David Callahan, author of The Cheating Culture, states, “Every day there’s new evidence of successful people who have cheated to get ahead, and it creates cynicism.” Douglas Porpora of Drexel University in Philadelphia, comments, “At a certain point, you’re watching all these jerks and you say, ‘What am I, a schmuck?’ A lot of people want to do the right thing, and after a while they say, ‘You know what? I’m going to follow the jerks.’”

The problem of unethical behavior in medicine appears to be part of a much larger societal cultural problem. We need to hold each other accountable; we need to speak out when we see wrongdoing; we need to accept constructive criticism from our peers; we need to provide better role models for our medical students and colleagues. We need to be professionals who really do care more about our patients’ well-being than our income or status in society.

Kent Bottles, MD, is past-Vice President and Chief Medical Officer of Iowa Health System (a $2 billionhealth care organization with 23 hospitals). He was responsible for the day-to-day operations of a large education and research organization in Michigan prior to his work with in Iowa with IHS. Kent posts frequently at his blog, Kent Bottles Private Views.

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9 replies »

  1. Merle Buskin’s comment reminds me of the Norman Schwarzkopf quote: “The truth of the matter is that you always know the right thing to do. The hard part is doing it.”

  2. Dr. Bottles

    Thanks for your thought-provoking post. Indeed, bad and unethical behavior occurs throughout our society. In doctors’ offices, hospitals, trading floors, executive offices, factory floors, store fronts, elected officials’ offices, and all around us.  And sadly, many good people abandon ethical behavior when they see bad behavior rewarded and permitted to continue uncensored. 

    Having said that, I firmly believe most people know the difference between right and wrong and would like to do the right thing. So I’d like to suggest that all of us apply a simple measure to guide our behavior.

    Whether treating a patient, managing money, running a business or non-profit, passing laws, conducting a political campaign, or conducting ourselves in everyday life, all we have to do is ask ourselves “is this the right thing to do.”  Then act accordingly. 

    Hard as some may find it to believe, years ago a Harvard Business School professor during the course of often-heated case discussions, would ask “Is that the right thing to do?”  And all of us, even the strongest advocates of a questionable course of action, stopped dead in our tracks.  We all knew the answer.

  3. There are several letters to the editor in today’s New York Times about the Atlanta public school test cheating scandal, which is mentioned in the above blog post. “In any organization in which members are pressed to reach goals that cannot be attained through legitimate means, cheating and other forms of misconduct are likely to occur.” “Competitive approaches pitting teacher against teacher, schools or systems or states one against another elicit exactly this type of cheating…”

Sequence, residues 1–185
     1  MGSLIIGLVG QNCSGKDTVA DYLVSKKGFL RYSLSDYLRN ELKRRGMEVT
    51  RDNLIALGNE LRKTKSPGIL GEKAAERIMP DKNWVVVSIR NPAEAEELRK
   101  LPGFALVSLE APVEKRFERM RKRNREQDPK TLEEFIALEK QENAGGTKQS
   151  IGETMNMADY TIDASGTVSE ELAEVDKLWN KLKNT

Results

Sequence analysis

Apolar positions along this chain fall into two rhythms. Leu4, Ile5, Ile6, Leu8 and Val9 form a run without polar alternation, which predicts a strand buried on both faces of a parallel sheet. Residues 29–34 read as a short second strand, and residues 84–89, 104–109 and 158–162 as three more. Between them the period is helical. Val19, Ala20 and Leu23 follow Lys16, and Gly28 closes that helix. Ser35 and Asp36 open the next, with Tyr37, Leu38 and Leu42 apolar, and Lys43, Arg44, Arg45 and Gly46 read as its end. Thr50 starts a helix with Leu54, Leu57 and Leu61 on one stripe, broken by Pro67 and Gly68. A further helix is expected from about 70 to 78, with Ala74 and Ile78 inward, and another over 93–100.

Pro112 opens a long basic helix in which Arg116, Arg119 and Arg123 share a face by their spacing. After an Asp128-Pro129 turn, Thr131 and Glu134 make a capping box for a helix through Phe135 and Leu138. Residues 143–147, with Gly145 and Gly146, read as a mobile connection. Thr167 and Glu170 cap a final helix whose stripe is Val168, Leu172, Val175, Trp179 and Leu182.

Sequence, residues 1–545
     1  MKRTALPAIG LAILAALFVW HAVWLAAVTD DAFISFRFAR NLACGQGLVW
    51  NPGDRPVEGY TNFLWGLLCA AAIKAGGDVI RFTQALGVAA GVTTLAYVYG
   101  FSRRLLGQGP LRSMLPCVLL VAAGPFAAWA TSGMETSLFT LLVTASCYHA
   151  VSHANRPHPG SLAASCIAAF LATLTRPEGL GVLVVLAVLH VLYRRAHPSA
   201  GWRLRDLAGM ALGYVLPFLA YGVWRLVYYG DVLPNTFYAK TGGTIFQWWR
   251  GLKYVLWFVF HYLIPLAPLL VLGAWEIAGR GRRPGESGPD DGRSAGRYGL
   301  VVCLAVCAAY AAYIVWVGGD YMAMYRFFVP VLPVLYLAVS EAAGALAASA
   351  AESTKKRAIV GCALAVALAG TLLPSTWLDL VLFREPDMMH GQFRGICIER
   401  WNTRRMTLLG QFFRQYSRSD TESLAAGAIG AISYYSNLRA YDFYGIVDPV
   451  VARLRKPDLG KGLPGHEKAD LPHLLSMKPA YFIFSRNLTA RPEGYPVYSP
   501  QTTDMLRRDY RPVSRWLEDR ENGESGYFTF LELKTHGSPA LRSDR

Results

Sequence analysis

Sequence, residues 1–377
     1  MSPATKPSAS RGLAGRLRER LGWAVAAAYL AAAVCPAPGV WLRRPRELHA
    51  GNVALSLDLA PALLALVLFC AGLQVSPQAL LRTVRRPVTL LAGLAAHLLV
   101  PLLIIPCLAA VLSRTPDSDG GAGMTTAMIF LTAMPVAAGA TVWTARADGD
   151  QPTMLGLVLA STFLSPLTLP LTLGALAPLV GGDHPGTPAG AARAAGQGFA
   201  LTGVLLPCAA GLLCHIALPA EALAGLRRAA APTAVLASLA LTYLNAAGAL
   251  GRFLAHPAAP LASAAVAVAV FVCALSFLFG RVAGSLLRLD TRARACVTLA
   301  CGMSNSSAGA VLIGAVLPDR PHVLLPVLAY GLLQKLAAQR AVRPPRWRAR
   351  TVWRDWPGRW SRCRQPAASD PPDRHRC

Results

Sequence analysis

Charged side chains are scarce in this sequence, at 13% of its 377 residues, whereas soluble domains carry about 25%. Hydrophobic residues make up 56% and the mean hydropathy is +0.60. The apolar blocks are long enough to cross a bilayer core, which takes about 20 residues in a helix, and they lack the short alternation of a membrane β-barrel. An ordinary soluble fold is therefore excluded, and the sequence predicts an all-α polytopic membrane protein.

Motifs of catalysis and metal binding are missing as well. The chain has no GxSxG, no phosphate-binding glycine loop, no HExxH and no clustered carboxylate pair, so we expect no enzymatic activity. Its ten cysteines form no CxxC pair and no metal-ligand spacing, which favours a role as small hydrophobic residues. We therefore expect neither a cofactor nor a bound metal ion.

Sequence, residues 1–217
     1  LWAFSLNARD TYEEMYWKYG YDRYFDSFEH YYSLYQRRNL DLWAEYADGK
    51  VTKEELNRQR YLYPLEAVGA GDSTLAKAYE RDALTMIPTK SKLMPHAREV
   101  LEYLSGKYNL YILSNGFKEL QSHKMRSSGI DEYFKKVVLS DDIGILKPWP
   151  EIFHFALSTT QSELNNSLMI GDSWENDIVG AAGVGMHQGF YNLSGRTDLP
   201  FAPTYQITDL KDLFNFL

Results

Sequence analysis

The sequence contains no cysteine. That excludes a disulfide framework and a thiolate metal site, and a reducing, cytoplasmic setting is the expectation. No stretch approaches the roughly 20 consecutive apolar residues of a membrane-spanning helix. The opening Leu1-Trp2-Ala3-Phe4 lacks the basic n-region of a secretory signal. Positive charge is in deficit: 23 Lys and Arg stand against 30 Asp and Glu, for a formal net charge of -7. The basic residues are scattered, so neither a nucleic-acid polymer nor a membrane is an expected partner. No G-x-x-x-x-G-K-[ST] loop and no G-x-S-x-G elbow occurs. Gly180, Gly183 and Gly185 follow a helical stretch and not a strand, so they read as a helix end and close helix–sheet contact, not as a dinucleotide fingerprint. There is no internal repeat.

http://ow.ly/5KM0u Letters to the editor about Atlanta school test cheating scandal

  4. Lisa,

    Thank you for the kind words!

    I mentioned on Dr. Bottles’s blog that, personally, I wonder if we’re seeing increases in poor character, or simply increased scrutiny and exposure of poor character.

    In either case, I would guess that your daughter would find improved opportunities as a result.

    Great topic,


  5. Get back to me when somebody begins to show real outrage on the ridiculous conflicts of interest going on, the outrageous corporate mentality (which includes the Government invasion of healthcare also), and the “profit at the expense of everything” mindset that have all overtaken healthcare. No hurry, l’ll wait.

    Anyone want to argue that the medical profession, guided by its corporate and Government masters, is not more corrupt than it has ever been?

  6. Kent,

    I hope maybe you could help me. I wanted to post to your blog but your blog would not accept my HTML

    Here are my thoughts.

    My daughter is getting ready to enter her senior year in High School. The pressure she is under to continue to reach high academic and leadership opportunities is further increased when she listens to the news and has seen so many recent examples of the “less than splendid.”

    I find great hope and respect for a number of the young doctors I have seen display significant leadership, character and collaboration from the ink they share on Twitter.

    Aaron Stupple, who studied with Dr. Robert West is among those I place my hope. There are also a number of young doctors in Australia who have added greatly to my knowledge base and can be found #HCSMANZ. These doctors have humbled and amazed me as they openly share, collaborate and work with various people without regard to the age, status, etc.

    Thank you for your help.



  7. MG I agree with you that the Bradley case would have fit nicely into this argument. All doctors are tainted by the very few who misbehave and we need to somehow restore the faith and trust that the public used to have for the medical profession.